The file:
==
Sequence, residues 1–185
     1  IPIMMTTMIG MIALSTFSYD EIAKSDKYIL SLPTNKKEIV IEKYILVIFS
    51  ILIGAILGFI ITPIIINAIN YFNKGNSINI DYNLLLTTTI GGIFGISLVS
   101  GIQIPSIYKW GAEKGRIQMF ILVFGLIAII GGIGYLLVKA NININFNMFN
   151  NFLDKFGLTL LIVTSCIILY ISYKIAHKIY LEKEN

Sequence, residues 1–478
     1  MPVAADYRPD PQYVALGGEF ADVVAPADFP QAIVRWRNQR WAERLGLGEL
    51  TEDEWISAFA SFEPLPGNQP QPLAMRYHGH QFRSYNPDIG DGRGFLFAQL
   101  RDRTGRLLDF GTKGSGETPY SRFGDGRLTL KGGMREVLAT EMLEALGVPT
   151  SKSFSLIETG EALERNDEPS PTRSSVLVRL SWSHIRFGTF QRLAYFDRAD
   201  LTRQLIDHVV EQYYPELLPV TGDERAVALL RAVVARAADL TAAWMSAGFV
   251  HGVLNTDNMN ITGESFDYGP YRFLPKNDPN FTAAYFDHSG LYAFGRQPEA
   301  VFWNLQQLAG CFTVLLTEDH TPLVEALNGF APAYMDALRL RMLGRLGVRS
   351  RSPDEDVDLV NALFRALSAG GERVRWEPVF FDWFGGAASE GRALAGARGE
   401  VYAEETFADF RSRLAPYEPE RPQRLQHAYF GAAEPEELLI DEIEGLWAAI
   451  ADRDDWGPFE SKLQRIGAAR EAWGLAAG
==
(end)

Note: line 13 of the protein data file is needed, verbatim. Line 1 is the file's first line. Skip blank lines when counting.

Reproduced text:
   301  VFWNLQQLAG CFTVLLTEDH TPLVEALNGF APAYMDALRL RMLGRLGVRS